The court found in favor of the protester’s argument, holding that the debriefing process included the two-day period to submit additional questions. The court explained that, although the language in 31 U.S.C. § 3553 did not expressly define debriefing as including these two extra days, it clearly included the possibility of a debriefing process lasting more than one day. The court further interpreted the agency’s statement that it would “consider the debriefing closed if additional questions are not received within (2) business days” as a commitment to keep the debriefing open through that two-day period—regardless of whether any questions were asked.  That may have been the opposite of what the agency actually intended to communicate. In the court’s view, however, the agency’s communications meant that the debriefing closed at the end of a potentially multi-day debriefing process rather than a singular date. Here, the process ended when the protester chose not to submit further questions at the end of the two-day period.

The holding in NIKA should not be viewed as a guarantee that potential protesters will always get the extra two days even if they submit no questions, however. Though the court interpreted the underlying statutes and regulations as providing the additional two-day window, it also implicitly limited its holding by pointing to the language of the agency’s letter, which suggested an open debriefing through the two-day period for questions. NIKA left open the possibility that the two-day extension might not apply if the agency’s communications stated more clearly that the debriefing was considered closed, as of that time, unless further questions were submitted. It also left unanswered whether the court’s holding would apply to an offeror that immediately notifies the agency that it will not submit additional questions, rather than waiting the full two-day period before providing such notification (as NIKA did).

Conclusion

While NIKA provides some insight, it is still important that potential protesters proceed with caution. In any case where an offeror plans to protest and believes the CICA clock is running from a date later than the debriefing itself, the offeror should confirm that understanding with the agency in writing. Without such assurances, and without submitted follow-up questions, an offeror must assume that the clock has started from the end of the debriefing, not the end of the two-day window.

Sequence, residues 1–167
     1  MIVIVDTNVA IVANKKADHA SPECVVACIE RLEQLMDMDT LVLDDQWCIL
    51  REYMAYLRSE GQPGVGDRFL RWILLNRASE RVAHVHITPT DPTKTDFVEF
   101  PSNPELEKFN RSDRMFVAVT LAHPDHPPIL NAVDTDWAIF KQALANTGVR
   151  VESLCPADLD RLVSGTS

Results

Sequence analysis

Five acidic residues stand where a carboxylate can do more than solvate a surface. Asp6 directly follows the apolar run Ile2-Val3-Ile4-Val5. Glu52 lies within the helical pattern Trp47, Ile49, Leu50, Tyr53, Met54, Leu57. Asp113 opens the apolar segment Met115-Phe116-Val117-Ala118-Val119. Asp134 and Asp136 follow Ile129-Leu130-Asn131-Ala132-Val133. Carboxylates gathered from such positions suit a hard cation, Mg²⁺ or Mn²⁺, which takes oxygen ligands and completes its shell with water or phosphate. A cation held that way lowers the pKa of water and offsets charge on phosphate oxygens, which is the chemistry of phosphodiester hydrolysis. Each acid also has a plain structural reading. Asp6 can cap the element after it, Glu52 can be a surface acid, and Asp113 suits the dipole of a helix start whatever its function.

Still Effective: Four Takeaways from the FY 2019 GAO Protest Statistics

Luke W. Meier and Albert B. Krachman

The Government Accountability Office (“GAO”) has released its Annual Report to Congress summarizing bid protest activity for Fiscal Year 2019 (B-158766). The report shows that the number of protests has fallen, the effectiveness rate has remained high and remarkably stable, and hearings have made a bit of a comeback.

The chart below summarizes the GAO protest statistics from FY 2014 to FY 2019.

Here are four key takeaways from the latest report. Continue reading “Still Effective: Four Takeaways from the FY 2019 GAO Protest Statistics”

GSA Announces Pilot Plan for Commercial E-Commerce Portals

Luke W. Meier

The effort to create an “Amazon-like” market for Government purchasing has taken another step forward. After completing its market consultation phase, the General Services Administration (“GSA”) has now put forth a proposal for an e-commerce test portal, through which federal agencies will be able to purchase commercial products from a select group of vendors that will set up new online marketplaces specifically for federal purchasing. (See Phase II Report here.)

To simplify regulatory requirements, all purchases on the test portal must be within the micro-purchase threshold—currently $10,000 for most types of purchases. To expand the breadth of its trial run, GSA has asked Congress to temporarily raise the micro-purchase threshold to $25,000 “for a limited period of five years,” only with respect to purchases “through GSA-approved commercial e-commerce portals.”

The scope of the trial program also will depend on which (and how many) vendors receive the “initial proof of concept contracts” to sell products through portals during the trial run. To avoid being locked in to a single supplier, GSA has said it needs “at least two [vendors] or we won’t award.” Will Amazon itself be a vendor? Right now, GSA says it is unclear “if Amazon will compete” for a spot in the pilot program.

Contractors with an interest in the direction of this effort should continue to express their views. Feedback from the pilot program will guide GSA’s next steps as it decides how to move forward with the commercial e-commerce purchasing concept.

FY 2018 GAO Protest Statistics Show Continued Success through Corrective Action

Luke W. Meier and Ioana Cristei

The Government Accountability Office (“GAO”) has released its Annual Report to Congress detailing the bid protest statistics for Fiscal Year 2018 (B-158766). The report shows a continuation of recent trends: the sustain rate is low; overall success is nevertheless quite strong; and hearings have become nearly extinct.

The GAO issued a decision on the merits for 622 protests in FY 2018. That represents only a fraction of the 2,607 total protests received, but is the most decisions GAO has issued in at least 10 years. As is typically the case, less than 20 percent of those protests resulted in “sustain” decisions finding in favor of the protester—just 92 protests, or 15 percent of those decided in FY 2018. Despite that seemingly grim rate of success in merits decisions, protesters’ overall rate of success, what GAO terms the “effectiveness” rate, continues to hover around 45 percent. As before, protesters are obtaining desired relief in nearly half of all protests filed—but their “win” typically comes well before a final merits decision with the agency taking voluntary corrective action, usually within the first 30 days of the protest, before the agency report has been filed. Continue reading “FY 2018 GAO Protest Statistics Show Continued Success through Corrective Action”